Alabama’s sentencing guidelines provide drug crime worksheets for judges. The judge will fill out the appropriate worksheet, which based on your current conviction, criminal record, and any mitigating or aggravating circumstances will provide a score. This score corresponds to a recommended term of imprisonment.
Additionally, if you are convicted of selling or distributing a controlled substance on or near a school campus, or within a three-mile radius of a school, college, or university, then you will face an additional five years of incarceration in state prison under AL Code §13A-12-250.
Alabama makes it a felony to distribute drugs to teenagers under the age of eighteen if the individual distributing drugs is eighteen or older. If an individual sells drugs to someone who is thirteen or younger, the individual will face even more significant penalties. These laws include the distribution of a variety of drugs including amphetamines, cocaine, heroin, morphine, and opium.
There are two ways that this crime can result in even more substantial charges. If an individual is found distributing illegal drugs on the campus of a school or within a three-mile radius of the campus, a penalty of five years in prison will be added to such a charge. Individuals also face an additional penalty for distributing drugs to a minor within three miles of a public housing project.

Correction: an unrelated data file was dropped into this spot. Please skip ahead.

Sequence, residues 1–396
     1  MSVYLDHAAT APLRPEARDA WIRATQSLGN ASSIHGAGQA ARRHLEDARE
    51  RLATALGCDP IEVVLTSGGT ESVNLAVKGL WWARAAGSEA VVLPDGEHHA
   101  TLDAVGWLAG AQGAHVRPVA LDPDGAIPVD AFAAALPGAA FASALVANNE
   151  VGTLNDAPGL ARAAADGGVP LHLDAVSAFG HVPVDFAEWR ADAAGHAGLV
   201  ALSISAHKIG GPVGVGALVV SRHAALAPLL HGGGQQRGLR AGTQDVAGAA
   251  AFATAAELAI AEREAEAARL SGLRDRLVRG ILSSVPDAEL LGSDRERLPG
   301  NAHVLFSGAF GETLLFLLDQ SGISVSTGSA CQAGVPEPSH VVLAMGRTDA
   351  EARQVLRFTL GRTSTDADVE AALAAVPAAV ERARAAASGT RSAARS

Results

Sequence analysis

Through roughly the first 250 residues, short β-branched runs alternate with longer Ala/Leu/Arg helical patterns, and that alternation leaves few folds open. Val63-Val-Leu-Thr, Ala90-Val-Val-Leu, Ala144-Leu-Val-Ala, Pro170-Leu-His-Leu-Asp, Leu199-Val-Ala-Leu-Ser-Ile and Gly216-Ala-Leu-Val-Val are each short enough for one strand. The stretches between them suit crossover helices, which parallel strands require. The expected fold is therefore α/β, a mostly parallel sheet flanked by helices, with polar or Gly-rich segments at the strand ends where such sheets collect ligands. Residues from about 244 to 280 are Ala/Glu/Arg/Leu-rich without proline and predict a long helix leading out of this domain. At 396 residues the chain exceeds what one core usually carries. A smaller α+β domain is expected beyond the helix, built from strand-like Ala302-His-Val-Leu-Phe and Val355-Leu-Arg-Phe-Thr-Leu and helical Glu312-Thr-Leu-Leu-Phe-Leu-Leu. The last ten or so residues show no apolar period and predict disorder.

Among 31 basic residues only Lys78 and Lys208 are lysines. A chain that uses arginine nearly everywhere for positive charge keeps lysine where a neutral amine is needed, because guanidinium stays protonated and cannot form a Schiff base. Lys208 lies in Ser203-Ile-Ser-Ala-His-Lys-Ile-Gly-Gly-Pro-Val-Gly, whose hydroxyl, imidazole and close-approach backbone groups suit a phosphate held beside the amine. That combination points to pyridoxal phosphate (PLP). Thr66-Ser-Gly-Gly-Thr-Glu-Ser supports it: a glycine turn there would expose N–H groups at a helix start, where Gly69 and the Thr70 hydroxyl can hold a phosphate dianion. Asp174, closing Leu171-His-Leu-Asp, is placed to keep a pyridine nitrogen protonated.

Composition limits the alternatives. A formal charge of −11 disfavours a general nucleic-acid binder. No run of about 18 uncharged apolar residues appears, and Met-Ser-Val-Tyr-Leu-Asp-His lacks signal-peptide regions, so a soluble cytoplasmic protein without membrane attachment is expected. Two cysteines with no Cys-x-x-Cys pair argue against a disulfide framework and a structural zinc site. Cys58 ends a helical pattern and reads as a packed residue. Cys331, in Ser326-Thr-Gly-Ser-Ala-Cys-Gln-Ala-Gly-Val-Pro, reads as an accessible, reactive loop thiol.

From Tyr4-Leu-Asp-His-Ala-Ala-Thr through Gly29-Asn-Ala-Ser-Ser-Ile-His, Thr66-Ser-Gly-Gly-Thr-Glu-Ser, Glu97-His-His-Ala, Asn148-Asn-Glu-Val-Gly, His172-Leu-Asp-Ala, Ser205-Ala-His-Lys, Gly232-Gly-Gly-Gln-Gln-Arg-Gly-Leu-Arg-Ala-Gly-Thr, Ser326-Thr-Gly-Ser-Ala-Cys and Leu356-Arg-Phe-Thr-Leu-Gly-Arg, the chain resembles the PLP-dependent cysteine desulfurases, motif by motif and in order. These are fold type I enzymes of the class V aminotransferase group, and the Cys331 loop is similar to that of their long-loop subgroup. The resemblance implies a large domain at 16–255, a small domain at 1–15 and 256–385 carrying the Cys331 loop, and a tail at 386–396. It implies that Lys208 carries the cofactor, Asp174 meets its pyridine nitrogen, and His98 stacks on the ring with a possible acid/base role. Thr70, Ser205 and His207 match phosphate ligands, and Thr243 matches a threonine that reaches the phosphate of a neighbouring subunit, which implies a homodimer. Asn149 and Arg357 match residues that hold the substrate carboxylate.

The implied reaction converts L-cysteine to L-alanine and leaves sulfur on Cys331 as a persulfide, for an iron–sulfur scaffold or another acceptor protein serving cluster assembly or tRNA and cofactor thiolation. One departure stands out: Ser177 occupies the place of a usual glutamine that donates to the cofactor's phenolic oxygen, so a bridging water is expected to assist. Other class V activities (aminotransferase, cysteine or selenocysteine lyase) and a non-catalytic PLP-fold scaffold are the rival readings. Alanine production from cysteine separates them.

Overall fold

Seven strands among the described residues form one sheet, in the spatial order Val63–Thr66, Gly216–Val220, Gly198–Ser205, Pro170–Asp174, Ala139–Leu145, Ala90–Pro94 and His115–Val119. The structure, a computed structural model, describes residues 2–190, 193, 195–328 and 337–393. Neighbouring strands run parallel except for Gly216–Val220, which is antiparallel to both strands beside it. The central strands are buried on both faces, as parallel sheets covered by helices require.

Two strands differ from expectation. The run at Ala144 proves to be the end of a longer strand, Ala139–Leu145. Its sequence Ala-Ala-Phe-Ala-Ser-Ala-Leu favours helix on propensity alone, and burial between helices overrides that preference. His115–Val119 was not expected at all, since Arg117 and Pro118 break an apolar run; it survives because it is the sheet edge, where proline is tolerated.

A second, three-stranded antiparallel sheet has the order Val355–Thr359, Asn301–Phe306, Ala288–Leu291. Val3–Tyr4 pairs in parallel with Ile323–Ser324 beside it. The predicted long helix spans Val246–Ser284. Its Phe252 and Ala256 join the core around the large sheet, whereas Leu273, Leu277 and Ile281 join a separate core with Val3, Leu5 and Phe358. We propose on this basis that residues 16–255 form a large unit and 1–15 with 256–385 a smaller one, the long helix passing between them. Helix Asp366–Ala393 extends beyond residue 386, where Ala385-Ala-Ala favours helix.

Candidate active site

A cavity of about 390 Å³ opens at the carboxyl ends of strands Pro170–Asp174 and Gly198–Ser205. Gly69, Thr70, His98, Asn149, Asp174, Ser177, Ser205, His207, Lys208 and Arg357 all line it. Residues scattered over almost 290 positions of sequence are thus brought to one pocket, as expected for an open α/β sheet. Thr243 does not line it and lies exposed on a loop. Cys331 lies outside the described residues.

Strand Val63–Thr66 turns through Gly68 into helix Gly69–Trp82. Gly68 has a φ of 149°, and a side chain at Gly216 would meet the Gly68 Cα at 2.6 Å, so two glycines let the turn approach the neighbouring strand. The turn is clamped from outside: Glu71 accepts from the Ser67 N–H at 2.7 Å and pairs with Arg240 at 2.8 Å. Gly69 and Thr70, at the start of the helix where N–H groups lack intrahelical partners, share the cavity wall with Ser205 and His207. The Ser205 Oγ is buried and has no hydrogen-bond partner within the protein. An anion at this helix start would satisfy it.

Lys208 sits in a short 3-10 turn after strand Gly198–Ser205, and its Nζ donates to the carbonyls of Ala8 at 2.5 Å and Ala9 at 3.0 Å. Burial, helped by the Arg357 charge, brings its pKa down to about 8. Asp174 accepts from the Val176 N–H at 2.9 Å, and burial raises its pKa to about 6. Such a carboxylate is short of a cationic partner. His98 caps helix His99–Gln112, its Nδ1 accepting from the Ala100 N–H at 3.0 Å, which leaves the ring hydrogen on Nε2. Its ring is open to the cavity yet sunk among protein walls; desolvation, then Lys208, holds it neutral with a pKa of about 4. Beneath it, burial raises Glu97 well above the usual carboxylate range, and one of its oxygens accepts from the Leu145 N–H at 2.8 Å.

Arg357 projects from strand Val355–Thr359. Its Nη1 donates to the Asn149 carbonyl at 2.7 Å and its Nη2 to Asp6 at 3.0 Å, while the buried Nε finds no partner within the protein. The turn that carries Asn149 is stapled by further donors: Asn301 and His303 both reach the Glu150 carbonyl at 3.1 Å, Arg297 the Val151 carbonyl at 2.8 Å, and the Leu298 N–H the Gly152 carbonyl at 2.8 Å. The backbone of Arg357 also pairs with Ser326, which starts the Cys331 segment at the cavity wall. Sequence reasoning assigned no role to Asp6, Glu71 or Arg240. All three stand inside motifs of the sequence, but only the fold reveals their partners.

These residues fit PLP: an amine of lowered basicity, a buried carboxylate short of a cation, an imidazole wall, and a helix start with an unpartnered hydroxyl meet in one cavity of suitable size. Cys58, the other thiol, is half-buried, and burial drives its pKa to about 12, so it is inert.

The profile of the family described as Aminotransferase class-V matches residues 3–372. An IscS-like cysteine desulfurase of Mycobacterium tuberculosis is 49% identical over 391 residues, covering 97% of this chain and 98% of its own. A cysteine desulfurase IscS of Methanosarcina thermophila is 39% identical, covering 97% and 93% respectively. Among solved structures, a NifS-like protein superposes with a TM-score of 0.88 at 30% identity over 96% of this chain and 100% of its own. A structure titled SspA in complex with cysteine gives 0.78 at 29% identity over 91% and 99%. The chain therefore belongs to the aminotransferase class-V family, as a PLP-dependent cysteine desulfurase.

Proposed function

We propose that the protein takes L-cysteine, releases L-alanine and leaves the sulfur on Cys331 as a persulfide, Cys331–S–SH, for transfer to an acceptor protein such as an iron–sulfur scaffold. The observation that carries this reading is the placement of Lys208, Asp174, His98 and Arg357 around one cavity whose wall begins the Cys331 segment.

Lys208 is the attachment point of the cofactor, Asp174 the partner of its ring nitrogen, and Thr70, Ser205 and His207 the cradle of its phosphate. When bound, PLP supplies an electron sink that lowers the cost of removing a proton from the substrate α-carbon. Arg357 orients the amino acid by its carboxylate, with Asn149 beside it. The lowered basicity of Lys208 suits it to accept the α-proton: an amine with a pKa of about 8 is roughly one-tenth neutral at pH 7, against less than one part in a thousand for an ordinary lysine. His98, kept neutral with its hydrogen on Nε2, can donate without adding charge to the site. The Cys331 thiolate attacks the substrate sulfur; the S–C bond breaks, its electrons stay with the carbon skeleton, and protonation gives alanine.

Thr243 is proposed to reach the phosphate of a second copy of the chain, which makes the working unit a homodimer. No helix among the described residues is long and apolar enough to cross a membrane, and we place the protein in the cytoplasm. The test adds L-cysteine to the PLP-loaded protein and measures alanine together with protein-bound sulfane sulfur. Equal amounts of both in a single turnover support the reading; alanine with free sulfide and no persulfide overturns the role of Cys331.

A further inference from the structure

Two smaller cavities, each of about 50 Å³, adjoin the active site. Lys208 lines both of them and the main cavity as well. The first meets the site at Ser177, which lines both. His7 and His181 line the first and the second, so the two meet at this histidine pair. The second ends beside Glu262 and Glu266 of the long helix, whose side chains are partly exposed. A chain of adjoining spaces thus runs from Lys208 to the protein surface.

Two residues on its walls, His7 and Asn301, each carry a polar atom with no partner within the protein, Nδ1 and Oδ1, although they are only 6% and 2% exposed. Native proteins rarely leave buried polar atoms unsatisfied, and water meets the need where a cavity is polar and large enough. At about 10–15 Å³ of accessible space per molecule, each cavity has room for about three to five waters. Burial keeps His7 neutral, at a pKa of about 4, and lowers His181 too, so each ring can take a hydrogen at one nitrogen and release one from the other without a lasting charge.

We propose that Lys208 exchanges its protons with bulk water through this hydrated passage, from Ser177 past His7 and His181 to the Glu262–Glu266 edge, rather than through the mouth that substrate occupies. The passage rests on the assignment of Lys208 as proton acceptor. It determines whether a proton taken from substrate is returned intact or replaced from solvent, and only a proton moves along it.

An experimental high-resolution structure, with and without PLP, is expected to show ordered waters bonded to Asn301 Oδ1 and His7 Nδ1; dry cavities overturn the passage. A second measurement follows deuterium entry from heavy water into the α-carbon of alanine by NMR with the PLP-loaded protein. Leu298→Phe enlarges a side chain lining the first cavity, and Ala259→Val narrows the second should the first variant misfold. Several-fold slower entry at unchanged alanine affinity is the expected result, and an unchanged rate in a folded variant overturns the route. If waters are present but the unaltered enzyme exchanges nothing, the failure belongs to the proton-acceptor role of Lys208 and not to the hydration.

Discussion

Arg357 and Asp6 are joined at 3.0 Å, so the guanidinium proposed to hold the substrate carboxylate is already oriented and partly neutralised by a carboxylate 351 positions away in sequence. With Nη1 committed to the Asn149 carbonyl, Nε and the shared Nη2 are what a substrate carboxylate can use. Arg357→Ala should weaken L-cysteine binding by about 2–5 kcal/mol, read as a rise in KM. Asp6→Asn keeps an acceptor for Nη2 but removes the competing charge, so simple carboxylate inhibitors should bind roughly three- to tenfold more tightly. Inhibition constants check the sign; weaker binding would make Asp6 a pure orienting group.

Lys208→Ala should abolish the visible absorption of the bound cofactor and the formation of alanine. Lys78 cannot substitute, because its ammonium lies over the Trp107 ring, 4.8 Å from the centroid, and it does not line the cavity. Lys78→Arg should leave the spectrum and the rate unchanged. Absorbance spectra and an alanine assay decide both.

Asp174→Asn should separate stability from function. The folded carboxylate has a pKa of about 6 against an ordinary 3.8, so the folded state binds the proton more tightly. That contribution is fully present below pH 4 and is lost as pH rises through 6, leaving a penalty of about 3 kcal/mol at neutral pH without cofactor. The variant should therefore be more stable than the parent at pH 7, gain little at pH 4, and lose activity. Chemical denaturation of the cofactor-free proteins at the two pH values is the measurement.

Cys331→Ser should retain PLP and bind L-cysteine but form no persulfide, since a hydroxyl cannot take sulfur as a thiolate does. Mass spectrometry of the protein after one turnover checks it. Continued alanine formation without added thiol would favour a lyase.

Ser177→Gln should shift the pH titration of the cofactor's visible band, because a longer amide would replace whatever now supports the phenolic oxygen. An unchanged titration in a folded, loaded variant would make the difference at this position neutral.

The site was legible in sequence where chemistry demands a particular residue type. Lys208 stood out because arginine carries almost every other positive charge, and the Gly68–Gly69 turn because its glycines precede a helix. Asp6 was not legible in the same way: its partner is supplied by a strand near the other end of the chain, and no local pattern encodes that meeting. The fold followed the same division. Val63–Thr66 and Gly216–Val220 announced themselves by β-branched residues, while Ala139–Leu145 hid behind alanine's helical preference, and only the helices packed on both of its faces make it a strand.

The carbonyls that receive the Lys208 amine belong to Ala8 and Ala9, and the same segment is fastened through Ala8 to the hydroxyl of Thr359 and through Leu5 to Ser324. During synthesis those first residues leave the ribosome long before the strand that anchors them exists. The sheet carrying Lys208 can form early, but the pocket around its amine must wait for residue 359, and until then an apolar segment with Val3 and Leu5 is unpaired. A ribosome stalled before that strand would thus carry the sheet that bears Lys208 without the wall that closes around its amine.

Penalties For Distributing Drugs To A Minor
Even individuals who do not have a prior criminal record and are charged with a nonviolent offense, the resulting penalties can be substantial. Individuals who are charged with distributing drugs to a minor face significant penalties because this charge is considered a Class A felony.
If convicted, individuals face a minimum of ten years up to life in prison. Individuals might also face fines up to $60,000. The state of Alabama also refuses to grant probation for this type of offense.
Distributing Drugs To A Minor in Birmingham
Fortunately, there are several ways that individuals can defend against charges of distributing drugs to a minor. Some of the potential defenses that are most often used by individuals include demonstrating that the alleged illegal drug was not a controlled substance but was legal in nature, that the individual who is charged had no intent to distribute drugs, an illegal search and seizure resulted in the violation of constitutional rights of the individual, or that law enforcement does not have any evidence to demonstrate that the individual was distributing drugs to a minor.